Women are more religious than men and more likely to pray daily – and they may be born that way, according to a study.
Researchers found British women are twice as likely as their male counterparts to thank God every day.
Women are also one-and-a-half times as likely to go to church every week and more likely to say that religion is “very important” to them.
Experts said there was strong evidence that this gap between the genders was down to genetic differences between men and women.
David Voas, head of the Department of Social Science at University College London, who was consulted for the paper, said societal factors alone did not explain the difference.
“There appears to be some fairly compelling evidence – for example from studies of twins – that genes do affect our disposition to be religious,” he said. “And if that’s the case, it’s at least plausible that the gender gap in religiosity is partly a matter of biology.
“If true, though, I doubt that it’s because there’s a ‘God gene’ and women are more likely to have it than men.
“It seems easier to believe that physiological or hormonal differences could influence personality, which may in turn be linked to variations in spirituality or religious thinking.”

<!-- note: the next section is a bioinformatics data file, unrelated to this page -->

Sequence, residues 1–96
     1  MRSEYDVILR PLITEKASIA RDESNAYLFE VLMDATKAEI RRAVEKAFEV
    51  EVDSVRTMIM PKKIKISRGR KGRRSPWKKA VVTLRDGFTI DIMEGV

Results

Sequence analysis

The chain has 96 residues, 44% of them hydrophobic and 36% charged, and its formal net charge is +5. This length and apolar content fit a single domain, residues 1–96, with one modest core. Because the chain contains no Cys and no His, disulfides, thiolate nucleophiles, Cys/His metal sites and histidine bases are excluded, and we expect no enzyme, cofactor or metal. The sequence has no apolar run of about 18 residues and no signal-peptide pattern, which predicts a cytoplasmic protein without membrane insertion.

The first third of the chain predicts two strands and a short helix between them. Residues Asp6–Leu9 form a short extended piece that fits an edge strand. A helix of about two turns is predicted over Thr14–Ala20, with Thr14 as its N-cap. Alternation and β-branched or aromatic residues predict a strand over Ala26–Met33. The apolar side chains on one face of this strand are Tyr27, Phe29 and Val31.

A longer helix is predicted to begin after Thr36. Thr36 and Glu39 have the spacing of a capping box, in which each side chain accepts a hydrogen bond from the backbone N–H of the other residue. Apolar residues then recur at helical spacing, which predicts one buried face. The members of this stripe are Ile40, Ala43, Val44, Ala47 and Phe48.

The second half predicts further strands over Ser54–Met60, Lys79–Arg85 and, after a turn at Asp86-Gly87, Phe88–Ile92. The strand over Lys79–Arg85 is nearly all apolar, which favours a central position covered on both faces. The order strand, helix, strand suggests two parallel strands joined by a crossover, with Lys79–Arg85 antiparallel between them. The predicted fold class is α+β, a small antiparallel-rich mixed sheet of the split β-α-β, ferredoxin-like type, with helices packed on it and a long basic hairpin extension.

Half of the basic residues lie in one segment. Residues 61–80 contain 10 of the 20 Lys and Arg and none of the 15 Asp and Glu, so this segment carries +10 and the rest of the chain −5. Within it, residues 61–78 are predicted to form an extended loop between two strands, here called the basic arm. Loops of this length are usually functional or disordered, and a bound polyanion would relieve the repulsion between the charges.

The results were part of a report called The Gender Gap in Religion from Pew, a respected US-based research institute.
They carried out surveys and used existing data on dozens of countries around the world to compare how men and women see faith. The figures from the UK showed that 23 percent of women said they prayed every day compared with 14 percent of men.
When asked if religion was “very important” to them, 25 percent of women said yes, and 18 percent of men gave the same answer.
About 15 percent of women said they went to church every week versus 10 percent of men. Pew also asked about atheism and found 56 percent of men did not believe in God compared with 46 percent of women.
The trend in Britain was echoed around the world. Out of 81 countries surveyed in one part of the research, women reported greater levels of weekly prayer attendance in 30 nations – most of which have Christian majorities or large Christian populations.
In 28 countries, mostly places with Muslim majorities or large Muslim populations, men reported greater weekly attendance than women, mostly due to cultural reasons.
Professor Voas said women could be drawn to Christianity over other belief systems because it “presents itself as a religion of the powerless”. He said that, for some, that makes it “appealingly feminine” but for others that makes it “appallingly effeminate”.
He added that some studies have shown that staying at home makes a person more likely to be religious, which could explain why some housewives are drawn to God.
Source – iol